Soooo, this observation has me believing that perhaps a wind of 10-15 mph or greater might keep deer in that leeward bed you found on a point more so than a calm wind like I experienced while turkey hunting and didn't kick any deer out. Perhaps on a calm wind they may be spit out all over in any place the feel comfortable like in a rolling hill scenario where bedding in exact spots isn't nearly as common...

Just a hunch I have, at best, I'm just trying to question and understand what i observed. Anyone care to comment?


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Re: Consistant winds = Consistant bedding in hill country bedding?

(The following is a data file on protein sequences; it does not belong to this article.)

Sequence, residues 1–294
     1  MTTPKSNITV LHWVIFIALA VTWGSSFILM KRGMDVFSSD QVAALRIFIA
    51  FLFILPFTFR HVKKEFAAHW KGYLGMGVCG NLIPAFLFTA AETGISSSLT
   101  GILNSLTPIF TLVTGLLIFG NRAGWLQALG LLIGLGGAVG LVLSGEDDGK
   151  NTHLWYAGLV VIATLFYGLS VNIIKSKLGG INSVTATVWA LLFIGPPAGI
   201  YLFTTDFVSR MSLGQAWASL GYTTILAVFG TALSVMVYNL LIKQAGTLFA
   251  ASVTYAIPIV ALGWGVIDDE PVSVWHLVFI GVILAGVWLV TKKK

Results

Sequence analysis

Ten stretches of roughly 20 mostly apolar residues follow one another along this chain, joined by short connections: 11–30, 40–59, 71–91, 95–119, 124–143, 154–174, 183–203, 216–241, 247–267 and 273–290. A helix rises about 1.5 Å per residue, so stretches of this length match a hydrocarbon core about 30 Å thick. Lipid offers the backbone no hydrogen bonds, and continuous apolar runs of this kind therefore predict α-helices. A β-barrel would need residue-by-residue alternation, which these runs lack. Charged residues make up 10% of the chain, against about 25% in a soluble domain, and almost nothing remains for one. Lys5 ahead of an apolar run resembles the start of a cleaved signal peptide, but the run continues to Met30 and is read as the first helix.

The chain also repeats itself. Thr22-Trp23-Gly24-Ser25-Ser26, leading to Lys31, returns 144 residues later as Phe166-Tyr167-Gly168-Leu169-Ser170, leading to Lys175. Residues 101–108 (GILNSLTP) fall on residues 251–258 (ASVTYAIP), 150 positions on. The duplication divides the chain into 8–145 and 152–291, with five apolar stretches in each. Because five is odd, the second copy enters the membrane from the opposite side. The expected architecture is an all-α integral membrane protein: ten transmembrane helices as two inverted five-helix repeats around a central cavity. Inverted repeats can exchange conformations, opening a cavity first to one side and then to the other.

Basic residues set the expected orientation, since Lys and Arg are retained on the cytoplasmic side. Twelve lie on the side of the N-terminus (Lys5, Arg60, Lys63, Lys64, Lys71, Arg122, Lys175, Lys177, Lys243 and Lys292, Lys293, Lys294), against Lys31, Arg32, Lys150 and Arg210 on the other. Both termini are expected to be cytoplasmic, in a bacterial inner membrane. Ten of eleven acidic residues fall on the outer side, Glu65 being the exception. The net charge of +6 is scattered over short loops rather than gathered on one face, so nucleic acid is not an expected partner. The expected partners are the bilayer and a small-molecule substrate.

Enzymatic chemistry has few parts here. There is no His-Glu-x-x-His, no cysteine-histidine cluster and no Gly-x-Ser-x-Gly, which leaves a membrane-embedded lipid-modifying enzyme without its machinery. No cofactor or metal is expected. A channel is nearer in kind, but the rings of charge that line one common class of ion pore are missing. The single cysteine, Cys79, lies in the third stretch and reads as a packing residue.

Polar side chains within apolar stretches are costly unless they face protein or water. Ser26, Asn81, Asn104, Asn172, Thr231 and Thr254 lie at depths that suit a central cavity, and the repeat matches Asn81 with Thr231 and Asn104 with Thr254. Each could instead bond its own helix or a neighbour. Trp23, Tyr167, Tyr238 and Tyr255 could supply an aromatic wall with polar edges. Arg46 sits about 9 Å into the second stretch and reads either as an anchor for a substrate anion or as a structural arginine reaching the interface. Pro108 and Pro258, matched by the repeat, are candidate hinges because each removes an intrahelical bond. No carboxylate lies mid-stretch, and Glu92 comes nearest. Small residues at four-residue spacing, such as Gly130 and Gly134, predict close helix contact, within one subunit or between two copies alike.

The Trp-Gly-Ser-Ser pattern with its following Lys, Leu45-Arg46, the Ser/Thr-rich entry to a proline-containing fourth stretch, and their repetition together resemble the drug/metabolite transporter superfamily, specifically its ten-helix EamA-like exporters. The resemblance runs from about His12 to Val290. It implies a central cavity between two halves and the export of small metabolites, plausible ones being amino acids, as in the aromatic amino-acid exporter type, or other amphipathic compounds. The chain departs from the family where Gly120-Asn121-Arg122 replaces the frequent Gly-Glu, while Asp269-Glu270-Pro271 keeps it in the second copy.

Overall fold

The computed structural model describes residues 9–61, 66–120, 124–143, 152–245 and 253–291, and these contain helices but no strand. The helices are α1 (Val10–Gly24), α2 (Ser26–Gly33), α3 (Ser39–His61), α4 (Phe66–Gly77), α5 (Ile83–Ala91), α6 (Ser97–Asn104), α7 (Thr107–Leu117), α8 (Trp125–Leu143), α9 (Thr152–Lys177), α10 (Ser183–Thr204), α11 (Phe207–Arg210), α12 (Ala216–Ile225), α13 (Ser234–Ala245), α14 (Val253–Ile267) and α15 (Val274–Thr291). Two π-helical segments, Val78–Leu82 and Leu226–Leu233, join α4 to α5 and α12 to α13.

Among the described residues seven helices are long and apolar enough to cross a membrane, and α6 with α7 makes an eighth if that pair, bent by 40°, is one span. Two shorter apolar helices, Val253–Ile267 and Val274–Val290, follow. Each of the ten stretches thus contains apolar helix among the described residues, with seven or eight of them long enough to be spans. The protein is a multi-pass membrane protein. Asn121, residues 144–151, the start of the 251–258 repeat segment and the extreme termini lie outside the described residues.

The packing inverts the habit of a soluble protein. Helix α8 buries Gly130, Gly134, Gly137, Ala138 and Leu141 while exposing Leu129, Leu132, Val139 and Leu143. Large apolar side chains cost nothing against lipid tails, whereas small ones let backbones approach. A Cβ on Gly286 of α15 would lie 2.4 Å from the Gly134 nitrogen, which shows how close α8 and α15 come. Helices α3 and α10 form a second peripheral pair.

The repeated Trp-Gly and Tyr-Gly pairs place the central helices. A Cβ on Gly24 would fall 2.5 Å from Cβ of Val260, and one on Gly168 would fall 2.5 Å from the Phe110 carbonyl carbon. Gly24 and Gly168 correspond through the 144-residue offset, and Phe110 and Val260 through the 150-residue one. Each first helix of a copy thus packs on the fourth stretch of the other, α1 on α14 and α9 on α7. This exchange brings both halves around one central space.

Unread postby Divergent » Sat May 05, 2018 6:08 pm

I think it’s a good topic that could use some investigating. I know that it usually takes the wind til later in the morning to really pick up and start moving. I also know that it’s a lot easier to sneak up on a deer with a 15mph wind vs a calm wind. I see a lot more deer on solo scouts vs going with friends too. I’ll have to go back thru and see if there’s any correlation with the deer I jump while scouting. I usually mark the date and time and screenshot weather conditions from wunderground.com historical data.
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Re: Consistant winds = Consistant bedding in hill country bedding?

Unread postby Josh_S » Sun May 06, 2018 12:29 am

I don't have an answer just more questions :lol: